In case you missed the LPGA’s story on Autumn Solesbee and her family! Watch the videos embedded in the article if you want to smile a little bit brighter! 

Another beautiful adoption story from the LPGA’s managing editor Steve Eubanks and his daughter Liza! This story also features Autumn Solesbee! 

LPGA player Brittant Lincicome gives us some insight on her family dynamic with golf, and life as a mom! 

Other Tournament News:

Last week, the Ladies European Tour was in Saudi Arabia for the Saudi Ladies International golf tournament. This tournament is historic because when it was hosted last year, it was the first ever professional women’s sporting event in Saudi Arabia. Click here to read more about the women’s golf fight for equality. 

The HGV Tournament of Champions marks the start of the official 2022 LPGA Tour season and they are kicking it off with a bang with  a music lineup that you don’t want to miss!

What a difference a week makes! Nelly Korda has returned to the number spot, despite not  playing for the last three weeks. 


Brynn Walker shares what she learned from Q School, and reminds us that the real lesson comes from the process, not just the result. 

Junior Golf:

It’s Megha Ganne’s world and we’re just living in it.

Five at the IX: Joanne Briones, Golf and Grief

Keeping with the theme of golf binding families this week, I had a conversation with Joanne Briones. 

Joanne, runs Beta Systems International, a company founded in 2017, headquartered in Potomac, Maryland, which is a Minority Woman Owned business offering an extensive array of services to support federal, state and local government agencies meet their mission-critical requirements and business demands.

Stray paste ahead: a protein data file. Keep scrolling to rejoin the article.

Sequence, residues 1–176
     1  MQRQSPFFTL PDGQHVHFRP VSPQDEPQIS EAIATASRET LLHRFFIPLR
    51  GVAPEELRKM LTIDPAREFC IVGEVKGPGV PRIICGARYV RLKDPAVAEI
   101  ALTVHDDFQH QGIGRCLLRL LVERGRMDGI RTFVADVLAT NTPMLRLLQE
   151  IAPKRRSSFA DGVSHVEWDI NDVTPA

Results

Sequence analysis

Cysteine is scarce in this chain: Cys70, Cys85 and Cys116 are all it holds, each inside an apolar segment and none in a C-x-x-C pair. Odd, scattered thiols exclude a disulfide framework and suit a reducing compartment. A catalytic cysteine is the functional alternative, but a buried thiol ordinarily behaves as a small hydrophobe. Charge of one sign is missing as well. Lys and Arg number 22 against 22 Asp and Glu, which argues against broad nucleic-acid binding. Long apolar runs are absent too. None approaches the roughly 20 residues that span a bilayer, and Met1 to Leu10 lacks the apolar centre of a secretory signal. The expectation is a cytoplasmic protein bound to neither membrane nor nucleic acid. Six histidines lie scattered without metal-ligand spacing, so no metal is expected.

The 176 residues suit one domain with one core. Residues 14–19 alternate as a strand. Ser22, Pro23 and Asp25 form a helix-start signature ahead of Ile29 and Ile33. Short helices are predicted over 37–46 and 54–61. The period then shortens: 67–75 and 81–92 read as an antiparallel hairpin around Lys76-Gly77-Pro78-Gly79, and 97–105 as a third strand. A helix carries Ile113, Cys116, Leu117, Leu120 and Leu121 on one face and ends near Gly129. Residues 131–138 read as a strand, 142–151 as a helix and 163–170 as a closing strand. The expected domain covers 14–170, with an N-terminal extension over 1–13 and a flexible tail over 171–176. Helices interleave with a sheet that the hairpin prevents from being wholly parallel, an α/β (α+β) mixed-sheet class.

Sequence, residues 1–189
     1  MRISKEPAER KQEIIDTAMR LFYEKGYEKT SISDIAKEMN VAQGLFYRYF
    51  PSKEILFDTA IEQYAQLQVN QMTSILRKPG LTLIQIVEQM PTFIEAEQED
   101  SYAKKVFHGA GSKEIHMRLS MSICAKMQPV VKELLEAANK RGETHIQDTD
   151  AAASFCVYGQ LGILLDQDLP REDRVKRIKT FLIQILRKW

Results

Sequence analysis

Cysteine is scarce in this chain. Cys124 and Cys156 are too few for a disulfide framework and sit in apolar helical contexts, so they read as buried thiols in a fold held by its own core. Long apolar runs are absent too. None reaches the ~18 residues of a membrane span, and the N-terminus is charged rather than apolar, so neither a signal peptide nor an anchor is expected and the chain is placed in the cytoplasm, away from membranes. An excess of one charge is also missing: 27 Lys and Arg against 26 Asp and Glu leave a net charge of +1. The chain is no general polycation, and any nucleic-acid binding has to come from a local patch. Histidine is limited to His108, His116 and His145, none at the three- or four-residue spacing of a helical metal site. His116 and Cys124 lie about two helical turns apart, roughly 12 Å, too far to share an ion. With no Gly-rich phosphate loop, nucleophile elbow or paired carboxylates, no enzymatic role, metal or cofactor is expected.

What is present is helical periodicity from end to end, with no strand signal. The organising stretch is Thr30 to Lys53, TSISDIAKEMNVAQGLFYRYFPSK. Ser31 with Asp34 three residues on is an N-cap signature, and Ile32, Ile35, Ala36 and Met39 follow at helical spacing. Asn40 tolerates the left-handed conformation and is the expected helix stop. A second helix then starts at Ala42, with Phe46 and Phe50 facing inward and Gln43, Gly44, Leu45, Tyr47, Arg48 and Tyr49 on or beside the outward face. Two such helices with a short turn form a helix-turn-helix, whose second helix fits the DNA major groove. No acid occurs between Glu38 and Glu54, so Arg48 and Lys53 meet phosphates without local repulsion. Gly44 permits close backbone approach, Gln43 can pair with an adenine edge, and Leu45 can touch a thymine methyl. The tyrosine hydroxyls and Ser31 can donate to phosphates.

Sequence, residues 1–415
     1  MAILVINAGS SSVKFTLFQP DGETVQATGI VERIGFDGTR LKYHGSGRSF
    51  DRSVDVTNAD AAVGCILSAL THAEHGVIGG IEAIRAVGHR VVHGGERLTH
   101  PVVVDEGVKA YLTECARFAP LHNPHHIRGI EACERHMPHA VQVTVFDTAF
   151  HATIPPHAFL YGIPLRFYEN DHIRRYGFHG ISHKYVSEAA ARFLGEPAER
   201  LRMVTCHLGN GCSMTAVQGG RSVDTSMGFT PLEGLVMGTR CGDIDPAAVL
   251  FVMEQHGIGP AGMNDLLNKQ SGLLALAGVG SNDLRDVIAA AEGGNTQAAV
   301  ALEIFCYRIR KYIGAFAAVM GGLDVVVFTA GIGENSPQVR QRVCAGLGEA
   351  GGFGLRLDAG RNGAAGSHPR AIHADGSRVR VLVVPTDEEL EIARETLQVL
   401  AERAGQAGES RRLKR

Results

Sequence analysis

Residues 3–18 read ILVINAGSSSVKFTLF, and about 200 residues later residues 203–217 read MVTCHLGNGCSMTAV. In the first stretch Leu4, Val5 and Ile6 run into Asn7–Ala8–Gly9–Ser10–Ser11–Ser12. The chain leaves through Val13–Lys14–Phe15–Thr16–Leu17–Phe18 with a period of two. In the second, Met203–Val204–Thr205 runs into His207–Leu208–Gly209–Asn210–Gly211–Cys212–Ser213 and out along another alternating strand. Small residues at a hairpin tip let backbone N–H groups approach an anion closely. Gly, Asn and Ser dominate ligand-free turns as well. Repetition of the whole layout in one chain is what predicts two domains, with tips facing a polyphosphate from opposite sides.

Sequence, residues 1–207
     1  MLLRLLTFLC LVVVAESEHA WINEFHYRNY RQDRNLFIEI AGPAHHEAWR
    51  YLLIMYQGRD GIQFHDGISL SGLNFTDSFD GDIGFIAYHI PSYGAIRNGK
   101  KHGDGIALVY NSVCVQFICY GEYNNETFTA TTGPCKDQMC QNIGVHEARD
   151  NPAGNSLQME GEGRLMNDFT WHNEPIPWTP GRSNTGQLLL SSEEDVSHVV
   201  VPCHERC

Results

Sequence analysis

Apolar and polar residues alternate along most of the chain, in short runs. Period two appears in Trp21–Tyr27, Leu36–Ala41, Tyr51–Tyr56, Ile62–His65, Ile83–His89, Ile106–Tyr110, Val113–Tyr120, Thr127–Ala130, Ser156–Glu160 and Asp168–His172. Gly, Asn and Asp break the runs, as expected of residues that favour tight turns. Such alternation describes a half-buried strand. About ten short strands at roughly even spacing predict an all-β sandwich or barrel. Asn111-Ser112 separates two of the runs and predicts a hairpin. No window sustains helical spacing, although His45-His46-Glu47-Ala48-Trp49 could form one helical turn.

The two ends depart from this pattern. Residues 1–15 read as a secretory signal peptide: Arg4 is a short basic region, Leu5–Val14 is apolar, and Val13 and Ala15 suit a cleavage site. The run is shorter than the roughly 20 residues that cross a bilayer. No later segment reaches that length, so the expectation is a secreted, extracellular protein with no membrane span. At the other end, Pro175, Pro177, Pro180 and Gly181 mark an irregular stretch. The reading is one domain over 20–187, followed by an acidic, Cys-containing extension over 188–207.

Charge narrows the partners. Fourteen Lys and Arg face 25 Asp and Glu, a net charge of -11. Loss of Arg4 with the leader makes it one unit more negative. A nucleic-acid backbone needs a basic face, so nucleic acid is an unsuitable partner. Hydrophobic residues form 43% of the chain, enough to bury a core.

Joanne also runs the Instagram page Golf and Grief. Joanne and her family’s story was one that struck close to home for me. Here’s her story:

First, tell me about how you got involved in golf. How old were you when you first started? And compare it to the role it plays in your life now.

My start into golf is two fold. I started running the company my dad founded at the beginning of 2020. Seeking guidance from my dad’s former mentor, about what to do and how to run the business at the end of the conversation he asked me if I played golf. I said that I did not. He simply responded, “You should.” I knew he played often with my dad and if golf brought him friendship with my father as well as success in his business I figured I’d give it a shot. My dad was an avid golfer and picked it up in his later years in life. As a former tennis player and overall athlete, golf was a great sport for him that wasn’t as strenuous but could play well into his retirement. I am a new golfer in every sense of the word. I just picked it up last year so I was 39 when I first started playing (eek!). Just further proof that it’s never too late to learn to play! Lastly, golf plays a significant role in my life not only as a business/networking tool, but every time I play or practice it brings me closer to my dad. Although we will never get to play together, I see the beauty in the game that he saw in it.

For me personally, I come from a golfing family, that was a major bonding agent for all of us. I’m curious about how you and your family use golf, especially with your Instagram page.